The hardest thing to say to a family member

I was wrong

The hardest thing for you to say to a family member is probably not:

“Isn’t this fun!”

“Please pass the beets.”

“Yes, I took out the garbage.”

When something is fun, or lighthearted, or informational, or you get credit, it’s easy to say it.

As unpleasant as it is, it’s also probably not hard to say:

“I can’t believe you said that!”

“You NEVER give me credit for anything!”

“I hate you!”

Those things can come out naturally, without trying. No thinking or effort required. They burst out driven by your emotions. You have to work to NOT say them.

You might find it harder to say:

“You are soooo good at that!”

“I need you.”

“You make my life better.”

Why is it easier to say something in anger than it is to say something that builds someone up? This is where we get a clue to a nasty default built into us: judging others and demanding justice of others comes naturally. We’re born selfish and judgmental. No child needs to be taught to say “mine!” or “no fair!”

Your hardest thing to say would be different from mine. But whatever it is, I’ll bet it requires humility.

Here’s the hardest thing for me to say to a family member. Yours might be something like it:

“You were right. I was wrong.”

More and more with my wife Brenda, I seem to be wrong. I’m getting really good at it. Shouldn’t I be getting better and better at being right? Maybe I am, but I guess she’s getting better at being right faster than I am.

Being wrong gets your attention. The more convinced you were that the other person was wrong, the harder it is to backtrack. Backtracking is not fun. The more you backtrack, the more sensitive you are to overconfidence. Sensitivity to overconfidence is good.

“I’m sorry” is much easier for me to say than

“You were right. I was wrong.”

Both parts together are the kicker. You de-exalt yourself while exalting the other one over you. This goes against everything built into you at birth.

But it goes WITH everything put into you through your faith in Jesus.

In humility count others more significant than yourselves – Philippians 2.3

God opposes the proud, but gives grace to the humble – James 4.6

Everyone who exalts himself will be humbled, but the one who humbles himself will be exalted – Luke 18.14

Being right is fun. Being humble is godly.

What’s the hardest thing for you to say to a family member?


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About the Author


Gary Morland helps you feel better about your most challenging family relationships, and helps you actually improve those relationships - all by adopting simple attitudes, perspectives, expectations, and actions (the same ones that changed him and his family).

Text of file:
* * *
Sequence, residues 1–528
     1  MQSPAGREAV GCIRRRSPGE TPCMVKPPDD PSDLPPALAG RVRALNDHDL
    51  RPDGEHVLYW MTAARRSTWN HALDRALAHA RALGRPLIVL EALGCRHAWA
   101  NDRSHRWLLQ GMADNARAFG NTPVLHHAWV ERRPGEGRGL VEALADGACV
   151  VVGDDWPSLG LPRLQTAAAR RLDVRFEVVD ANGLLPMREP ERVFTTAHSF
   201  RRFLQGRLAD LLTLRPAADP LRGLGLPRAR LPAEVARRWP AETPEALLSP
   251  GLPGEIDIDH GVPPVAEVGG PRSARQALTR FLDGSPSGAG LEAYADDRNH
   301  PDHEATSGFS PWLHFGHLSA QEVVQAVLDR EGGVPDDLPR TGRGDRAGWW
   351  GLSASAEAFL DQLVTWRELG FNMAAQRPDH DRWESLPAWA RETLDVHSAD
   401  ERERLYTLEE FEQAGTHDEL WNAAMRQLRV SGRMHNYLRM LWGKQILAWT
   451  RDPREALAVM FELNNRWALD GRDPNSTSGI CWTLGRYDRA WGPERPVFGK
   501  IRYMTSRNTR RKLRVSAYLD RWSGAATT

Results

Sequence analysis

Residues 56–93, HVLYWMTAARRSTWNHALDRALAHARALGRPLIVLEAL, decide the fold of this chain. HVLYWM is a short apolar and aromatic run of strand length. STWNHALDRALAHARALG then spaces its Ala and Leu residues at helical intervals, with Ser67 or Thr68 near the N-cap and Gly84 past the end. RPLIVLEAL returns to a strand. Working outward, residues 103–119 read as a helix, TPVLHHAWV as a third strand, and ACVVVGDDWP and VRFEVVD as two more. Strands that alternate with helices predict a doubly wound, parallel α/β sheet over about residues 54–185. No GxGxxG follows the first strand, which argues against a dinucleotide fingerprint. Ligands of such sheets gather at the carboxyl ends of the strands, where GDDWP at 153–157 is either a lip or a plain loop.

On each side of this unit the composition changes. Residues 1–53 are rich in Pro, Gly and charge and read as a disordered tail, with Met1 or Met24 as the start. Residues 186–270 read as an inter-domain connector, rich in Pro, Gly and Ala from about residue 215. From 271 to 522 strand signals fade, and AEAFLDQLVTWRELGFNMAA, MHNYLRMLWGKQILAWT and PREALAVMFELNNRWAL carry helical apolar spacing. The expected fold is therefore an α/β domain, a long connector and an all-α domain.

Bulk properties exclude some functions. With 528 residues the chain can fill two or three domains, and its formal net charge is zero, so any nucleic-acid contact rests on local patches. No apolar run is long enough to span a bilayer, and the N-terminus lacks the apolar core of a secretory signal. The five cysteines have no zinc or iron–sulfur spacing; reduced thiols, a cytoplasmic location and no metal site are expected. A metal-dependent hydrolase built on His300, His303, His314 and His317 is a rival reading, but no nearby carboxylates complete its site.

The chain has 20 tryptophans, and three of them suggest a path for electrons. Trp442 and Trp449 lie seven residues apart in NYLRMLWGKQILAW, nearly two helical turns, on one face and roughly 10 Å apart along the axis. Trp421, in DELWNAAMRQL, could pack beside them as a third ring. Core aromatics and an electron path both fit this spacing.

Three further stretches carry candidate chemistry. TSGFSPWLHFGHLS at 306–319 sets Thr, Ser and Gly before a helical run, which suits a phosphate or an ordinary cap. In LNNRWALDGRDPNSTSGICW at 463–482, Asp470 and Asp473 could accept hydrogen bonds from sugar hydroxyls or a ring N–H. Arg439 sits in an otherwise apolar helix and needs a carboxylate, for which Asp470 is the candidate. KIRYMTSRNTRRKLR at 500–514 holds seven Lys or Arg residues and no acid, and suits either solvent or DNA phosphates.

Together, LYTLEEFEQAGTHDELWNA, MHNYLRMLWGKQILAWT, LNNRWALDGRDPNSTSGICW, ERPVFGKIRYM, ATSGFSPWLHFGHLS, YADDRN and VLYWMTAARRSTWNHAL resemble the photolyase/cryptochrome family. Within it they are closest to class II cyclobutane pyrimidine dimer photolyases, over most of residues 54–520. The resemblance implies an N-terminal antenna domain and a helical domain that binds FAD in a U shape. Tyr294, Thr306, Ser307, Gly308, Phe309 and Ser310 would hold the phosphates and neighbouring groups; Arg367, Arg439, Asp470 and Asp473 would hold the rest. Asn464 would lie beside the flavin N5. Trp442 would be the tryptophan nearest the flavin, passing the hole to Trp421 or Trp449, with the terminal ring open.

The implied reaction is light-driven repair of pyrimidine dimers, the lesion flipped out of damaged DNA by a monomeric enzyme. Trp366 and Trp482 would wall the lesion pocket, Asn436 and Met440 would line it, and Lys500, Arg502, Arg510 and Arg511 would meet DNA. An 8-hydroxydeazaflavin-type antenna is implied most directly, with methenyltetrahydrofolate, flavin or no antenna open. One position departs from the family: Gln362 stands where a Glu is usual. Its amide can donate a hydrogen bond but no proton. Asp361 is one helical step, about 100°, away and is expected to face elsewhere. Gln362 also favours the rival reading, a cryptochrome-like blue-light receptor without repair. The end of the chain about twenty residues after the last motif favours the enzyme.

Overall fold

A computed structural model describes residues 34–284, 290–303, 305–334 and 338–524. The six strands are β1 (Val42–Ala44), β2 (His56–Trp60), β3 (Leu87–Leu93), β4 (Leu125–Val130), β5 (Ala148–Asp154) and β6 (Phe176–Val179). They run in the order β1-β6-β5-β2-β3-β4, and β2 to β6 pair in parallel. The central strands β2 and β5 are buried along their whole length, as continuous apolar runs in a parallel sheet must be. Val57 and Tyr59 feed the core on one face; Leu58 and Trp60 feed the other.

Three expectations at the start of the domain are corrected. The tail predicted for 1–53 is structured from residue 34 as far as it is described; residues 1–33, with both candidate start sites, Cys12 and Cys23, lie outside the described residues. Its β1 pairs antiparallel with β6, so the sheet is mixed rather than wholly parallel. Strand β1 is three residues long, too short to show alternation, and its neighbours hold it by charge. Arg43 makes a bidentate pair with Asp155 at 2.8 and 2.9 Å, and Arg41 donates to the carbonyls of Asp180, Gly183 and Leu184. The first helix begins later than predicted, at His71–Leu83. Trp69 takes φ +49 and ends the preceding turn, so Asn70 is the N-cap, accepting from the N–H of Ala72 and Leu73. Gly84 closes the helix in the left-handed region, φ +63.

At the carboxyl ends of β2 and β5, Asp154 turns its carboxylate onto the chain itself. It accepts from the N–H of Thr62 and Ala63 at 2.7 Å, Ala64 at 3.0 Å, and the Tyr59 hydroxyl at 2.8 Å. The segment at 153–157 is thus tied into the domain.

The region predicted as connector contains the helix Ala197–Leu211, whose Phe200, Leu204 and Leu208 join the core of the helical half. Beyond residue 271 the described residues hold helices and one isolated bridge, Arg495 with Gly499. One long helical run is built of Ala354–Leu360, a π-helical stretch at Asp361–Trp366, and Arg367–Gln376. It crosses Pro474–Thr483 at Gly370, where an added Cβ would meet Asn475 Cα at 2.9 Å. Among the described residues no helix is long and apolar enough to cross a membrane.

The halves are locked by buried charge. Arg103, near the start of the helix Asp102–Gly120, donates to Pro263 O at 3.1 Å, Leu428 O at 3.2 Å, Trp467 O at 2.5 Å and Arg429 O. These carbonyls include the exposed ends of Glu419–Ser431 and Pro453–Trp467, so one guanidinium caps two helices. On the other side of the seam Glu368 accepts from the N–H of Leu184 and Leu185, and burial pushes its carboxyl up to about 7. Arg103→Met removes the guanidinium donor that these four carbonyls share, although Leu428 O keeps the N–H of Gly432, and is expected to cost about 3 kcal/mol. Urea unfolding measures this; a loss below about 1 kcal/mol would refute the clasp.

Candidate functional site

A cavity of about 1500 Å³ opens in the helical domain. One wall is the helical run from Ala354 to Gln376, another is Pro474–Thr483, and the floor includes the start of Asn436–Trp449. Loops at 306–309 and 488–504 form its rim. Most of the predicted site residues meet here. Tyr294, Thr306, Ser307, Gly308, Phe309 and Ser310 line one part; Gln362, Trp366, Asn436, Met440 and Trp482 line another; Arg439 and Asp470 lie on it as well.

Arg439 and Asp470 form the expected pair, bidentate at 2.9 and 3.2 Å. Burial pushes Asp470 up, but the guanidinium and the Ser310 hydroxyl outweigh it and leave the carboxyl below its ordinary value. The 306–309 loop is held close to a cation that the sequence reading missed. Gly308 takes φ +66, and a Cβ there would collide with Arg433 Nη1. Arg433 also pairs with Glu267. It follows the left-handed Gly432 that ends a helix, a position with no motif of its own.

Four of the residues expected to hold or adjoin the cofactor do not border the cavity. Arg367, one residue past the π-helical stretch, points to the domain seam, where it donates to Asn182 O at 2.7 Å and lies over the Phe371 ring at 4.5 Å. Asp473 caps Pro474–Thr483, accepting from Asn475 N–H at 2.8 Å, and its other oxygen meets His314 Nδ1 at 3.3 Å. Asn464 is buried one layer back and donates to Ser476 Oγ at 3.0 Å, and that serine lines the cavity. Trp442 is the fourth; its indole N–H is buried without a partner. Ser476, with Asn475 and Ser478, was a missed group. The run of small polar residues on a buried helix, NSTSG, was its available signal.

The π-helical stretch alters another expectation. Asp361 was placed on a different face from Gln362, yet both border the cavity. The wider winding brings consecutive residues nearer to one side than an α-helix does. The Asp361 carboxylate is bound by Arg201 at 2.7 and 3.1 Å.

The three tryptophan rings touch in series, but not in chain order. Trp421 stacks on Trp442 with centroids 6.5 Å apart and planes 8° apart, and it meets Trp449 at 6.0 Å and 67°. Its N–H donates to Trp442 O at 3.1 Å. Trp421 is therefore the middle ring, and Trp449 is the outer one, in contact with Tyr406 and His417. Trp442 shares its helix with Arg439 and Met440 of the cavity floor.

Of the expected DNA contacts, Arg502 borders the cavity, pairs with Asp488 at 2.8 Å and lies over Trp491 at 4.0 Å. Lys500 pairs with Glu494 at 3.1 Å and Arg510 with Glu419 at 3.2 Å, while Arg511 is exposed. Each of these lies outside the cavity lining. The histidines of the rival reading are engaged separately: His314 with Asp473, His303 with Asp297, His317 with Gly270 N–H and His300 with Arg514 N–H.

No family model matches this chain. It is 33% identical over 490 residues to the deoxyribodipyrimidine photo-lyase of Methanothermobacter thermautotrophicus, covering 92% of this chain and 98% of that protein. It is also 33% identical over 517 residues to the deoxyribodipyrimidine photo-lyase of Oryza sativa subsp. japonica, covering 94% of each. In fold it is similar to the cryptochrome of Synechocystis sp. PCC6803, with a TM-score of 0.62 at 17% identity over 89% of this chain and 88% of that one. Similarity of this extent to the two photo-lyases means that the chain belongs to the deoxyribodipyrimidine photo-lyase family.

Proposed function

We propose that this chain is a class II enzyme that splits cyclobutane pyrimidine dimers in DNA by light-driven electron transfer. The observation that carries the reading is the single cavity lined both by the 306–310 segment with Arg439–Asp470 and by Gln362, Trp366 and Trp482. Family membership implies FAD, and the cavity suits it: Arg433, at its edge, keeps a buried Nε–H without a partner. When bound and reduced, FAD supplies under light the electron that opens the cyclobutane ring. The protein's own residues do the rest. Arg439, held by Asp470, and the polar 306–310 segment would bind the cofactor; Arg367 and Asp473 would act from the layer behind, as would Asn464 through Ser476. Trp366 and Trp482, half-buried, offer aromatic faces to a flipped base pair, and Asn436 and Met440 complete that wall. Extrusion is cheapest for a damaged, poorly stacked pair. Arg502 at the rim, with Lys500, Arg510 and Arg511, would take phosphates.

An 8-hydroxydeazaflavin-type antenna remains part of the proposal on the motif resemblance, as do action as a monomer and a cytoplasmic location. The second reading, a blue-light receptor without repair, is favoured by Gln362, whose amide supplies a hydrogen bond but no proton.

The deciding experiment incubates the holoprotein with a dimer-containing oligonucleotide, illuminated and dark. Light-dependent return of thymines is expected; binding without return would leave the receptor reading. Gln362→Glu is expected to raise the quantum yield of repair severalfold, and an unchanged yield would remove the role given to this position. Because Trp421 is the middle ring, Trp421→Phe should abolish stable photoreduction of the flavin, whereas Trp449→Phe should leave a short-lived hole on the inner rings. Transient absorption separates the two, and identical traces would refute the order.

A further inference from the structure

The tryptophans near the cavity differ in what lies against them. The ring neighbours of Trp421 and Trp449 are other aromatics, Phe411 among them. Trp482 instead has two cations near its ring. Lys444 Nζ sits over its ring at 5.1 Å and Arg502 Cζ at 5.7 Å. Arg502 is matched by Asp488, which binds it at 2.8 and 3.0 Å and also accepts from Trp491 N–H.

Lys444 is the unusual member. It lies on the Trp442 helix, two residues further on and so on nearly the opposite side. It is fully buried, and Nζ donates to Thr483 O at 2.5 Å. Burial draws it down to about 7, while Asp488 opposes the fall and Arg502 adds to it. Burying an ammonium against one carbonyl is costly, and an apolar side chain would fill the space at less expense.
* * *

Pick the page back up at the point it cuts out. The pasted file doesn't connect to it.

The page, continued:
1. m

    For me, it’s hard to NOT say anything! (If that makes sense) I’m working on it… always desiring to be as Christ-like as possible, while making sure my heart’s motive is right:) Love those scriptures as well…some of my favorite! Enjoyed this, thank you:)
    Blessings & <3

  2. lyricpdx

    Two things:
    1. When you say “You were right, I was wrong” to someone, wow, what a gift you are giving them! Imagine how you would feel if someone said that to you after a verbal tussle. Wouldn’t that feel good? I don’t mean in a snotty way, but in a validating way. And it feels good to be validated.
    2. The more often you say “You were right, I was wrong” the easier it gets. Really, it does. And you know what else? When you do that in your family, and they start getting used to it, they become quicker to forgive you. I think it has something to do with this–as you become used to admitting your mistakes, you become more comfortable with it and less defensive, and that in turn makes the other person less defensive…and the two of you become more “real” with each other, and feel safer.

  3. Debbie Fields

    Ouch! I think you “hit the nail on the head” (old saying my father used). It truly goes against all within SELF to be so humble as to admit we are wrong and another is right. Your posts are always so helpful. This is definitely one area I need to work on.

    • it all started with that bad stuff back in the garden, didn’t it – thx

  4. debi

    Gary I would love to share this on my blog, may I ? I think so many need to read this….

  5. Aly

    I have been married 33 years. I’m not sure how much I’ve learned, but when I think of what is difficult to say to a person (what’s easy, what I won’t, might, could, and would like to), one question comes to mind…. or I try to silently ask it first.

    Who is this good for? Does it benefit me to say it, ask it, declare it, do it, etc?

    Does it benefit my husband…?

    Or, more important, does it benefit the relationship? I’t a whole third entitym you know. There’s him. There’s me and there’s “it”.

    My son and his wife had to decide whether to live close to his work or to her work. One easier for him, one for her, but the real issue is “What’s best for the marriage?”

    It kind of ticks me off that I’m so late in learning the best answer is not always the thing that makes me the happiest. And even harder, that if I do it right – in the end if it’s the relationship I genuinely care about – it will be exactly that. We both win when “it” wins.

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